Earth’s most abundant and necessary liquid is a hot commodity in the marketplace. Bottled water is the most popular beverage in the U.S., outpacing soft drinks whose sales are steadily decreasing. Consumers are catapulting demand for different types of water as people seek healthier sources of hydration. Water processing companies flood grocery shelves with options and marketing deftness that can make heads swim. While many brands tout profuse health claims, consumers should still do their research to make sure they obtain the quality and benefits they expect. Dive in to discover the best water for you.
Tap water comes straight from a faucet. In most cities, local municipal authorities oversee the quality of this water. It is typically suitable for cooking, cleaning, gardening, and laundry. However, most public water supplies contain agricultural or industrial contaminants linked to a plethora of health concerns including brain and nervous system damage, cancers, hormone disruption, and developmental defects. According to the Environmental Working Group’s Tap Water Database, which analyzes data from almost 50,000 municipal water utilities, Americans are consuming over 250 chemicals along with their sink water. Although the amounts of these substances are acceptable under state regulations, many of the chemicals in tap water come in levels known to pose health risks. EWG’s database provides information on contaminants and their sources and shows people what chemicals have infiltrated their local water supply by ZIP code.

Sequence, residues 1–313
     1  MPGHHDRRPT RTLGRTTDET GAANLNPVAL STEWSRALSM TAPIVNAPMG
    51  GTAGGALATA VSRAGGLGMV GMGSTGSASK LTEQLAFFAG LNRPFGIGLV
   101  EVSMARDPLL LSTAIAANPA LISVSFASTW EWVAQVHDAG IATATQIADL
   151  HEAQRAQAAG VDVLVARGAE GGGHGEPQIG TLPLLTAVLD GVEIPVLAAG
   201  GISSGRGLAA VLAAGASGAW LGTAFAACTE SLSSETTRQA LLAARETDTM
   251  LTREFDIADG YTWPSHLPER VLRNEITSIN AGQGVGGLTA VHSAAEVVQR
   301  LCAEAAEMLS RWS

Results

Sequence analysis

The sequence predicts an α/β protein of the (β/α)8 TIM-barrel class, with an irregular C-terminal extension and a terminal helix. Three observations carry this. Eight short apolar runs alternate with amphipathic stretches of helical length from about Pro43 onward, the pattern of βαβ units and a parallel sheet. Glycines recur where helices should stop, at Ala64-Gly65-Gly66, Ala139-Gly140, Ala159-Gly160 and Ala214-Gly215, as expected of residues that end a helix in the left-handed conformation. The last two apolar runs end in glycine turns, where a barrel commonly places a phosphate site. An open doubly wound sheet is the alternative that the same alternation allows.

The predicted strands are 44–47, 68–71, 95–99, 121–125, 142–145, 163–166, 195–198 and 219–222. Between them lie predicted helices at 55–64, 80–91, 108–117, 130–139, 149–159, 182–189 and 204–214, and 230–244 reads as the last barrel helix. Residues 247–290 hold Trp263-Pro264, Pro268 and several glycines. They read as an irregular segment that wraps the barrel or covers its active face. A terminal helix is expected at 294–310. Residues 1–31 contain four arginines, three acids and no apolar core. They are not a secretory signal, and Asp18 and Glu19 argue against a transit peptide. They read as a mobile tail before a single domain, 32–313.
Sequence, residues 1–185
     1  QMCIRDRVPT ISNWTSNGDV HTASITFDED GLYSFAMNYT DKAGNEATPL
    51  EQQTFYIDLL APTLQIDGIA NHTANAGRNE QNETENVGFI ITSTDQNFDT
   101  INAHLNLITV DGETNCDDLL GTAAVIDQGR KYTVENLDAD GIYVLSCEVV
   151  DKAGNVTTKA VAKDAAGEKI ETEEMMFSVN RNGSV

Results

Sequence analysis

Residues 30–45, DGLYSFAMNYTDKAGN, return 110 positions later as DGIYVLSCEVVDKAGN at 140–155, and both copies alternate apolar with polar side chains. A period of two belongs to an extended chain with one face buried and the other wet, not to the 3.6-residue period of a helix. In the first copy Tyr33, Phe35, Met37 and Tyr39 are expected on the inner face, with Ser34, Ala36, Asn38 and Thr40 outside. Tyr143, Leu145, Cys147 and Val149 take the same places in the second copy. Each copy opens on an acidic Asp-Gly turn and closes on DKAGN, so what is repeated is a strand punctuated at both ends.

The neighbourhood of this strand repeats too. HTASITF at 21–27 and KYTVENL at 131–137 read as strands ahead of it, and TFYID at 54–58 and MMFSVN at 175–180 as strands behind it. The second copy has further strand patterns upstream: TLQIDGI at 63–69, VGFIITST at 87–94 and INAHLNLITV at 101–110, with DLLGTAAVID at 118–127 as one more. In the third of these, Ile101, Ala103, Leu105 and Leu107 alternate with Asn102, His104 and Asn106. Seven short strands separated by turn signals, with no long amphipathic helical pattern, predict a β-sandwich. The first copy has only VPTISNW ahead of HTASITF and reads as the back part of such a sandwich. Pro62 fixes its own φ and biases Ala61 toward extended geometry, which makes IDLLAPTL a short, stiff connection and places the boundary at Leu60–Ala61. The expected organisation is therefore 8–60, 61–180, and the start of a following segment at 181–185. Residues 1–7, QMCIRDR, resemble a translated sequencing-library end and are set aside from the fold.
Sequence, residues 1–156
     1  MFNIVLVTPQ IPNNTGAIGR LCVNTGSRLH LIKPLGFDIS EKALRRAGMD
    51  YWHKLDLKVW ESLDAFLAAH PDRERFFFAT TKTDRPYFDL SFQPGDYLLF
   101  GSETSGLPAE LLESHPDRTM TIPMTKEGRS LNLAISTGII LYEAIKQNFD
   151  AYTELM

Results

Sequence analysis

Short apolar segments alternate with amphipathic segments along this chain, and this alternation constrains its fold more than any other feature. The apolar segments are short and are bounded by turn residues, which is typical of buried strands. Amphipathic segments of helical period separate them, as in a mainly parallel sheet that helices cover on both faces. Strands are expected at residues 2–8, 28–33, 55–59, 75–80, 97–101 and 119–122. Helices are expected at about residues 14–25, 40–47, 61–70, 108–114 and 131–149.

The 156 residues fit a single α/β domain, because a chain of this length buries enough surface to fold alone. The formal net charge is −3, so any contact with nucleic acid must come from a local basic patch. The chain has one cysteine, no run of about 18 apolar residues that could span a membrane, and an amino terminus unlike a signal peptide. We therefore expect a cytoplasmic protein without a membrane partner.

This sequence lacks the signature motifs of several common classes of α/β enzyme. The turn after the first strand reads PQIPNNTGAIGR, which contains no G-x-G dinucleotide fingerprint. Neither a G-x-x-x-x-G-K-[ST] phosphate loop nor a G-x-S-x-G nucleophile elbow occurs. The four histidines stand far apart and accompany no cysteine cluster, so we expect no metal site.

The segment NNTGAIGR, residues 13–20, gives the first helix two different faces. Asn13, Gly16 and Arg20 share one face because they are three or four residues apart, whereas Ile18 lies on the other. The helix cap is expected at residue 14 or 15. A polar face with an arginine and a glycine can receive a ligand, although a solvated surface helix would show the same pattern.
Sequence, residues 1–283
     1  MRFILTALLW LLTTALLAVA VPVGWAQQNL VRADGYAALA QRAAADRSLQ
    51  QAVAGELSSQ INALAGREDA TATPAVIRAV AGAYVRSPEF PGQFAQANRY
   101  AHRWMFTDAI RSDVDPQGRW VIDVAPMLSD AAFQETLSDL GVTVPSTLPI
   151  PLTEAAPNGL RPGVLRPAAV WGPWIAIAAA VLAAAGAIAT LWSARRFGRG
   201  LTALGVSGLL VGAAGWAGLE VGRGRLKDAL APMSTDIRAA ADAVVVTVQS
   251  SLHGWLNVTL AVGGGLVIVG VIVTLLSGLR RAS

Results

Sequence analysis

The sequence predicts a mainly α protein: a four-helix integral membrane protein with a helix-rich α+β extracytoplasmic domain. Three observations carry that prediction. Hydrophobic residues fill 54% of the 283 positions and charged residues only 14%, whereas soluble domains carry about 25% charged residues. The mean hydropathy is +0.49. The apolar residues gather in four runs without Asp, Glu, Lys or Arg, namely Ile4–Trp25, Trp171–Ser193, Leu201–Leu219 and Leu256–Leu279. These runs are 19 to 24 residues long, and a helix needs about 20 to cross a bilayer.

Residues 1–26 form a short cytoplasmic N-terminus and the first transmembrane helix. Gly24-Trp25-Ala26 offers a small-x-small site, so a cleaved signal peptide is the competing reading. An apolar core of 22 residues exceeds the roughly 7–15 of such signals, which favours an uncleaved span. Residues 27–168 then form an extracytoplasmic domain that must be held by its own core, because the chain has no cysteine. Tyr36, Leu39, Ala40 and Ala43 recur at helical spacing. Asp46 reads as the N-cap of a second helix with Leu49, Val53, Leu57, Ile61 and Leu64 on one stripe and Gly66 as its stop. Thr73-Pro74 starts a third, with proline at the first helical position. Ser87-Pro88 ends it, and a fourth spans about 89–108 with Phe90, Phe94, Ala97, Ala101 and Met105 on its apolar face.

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This site offers information designed for educational purposes only. You should not rely on any information on this site as a substitute for professional medical advice, diagnosis, treatment, or as a substitute for, professional counseling care, advice, diagnosis, or treatment. If you have any concerns or questions about your health, you should always consult with a physician or other health-care professional.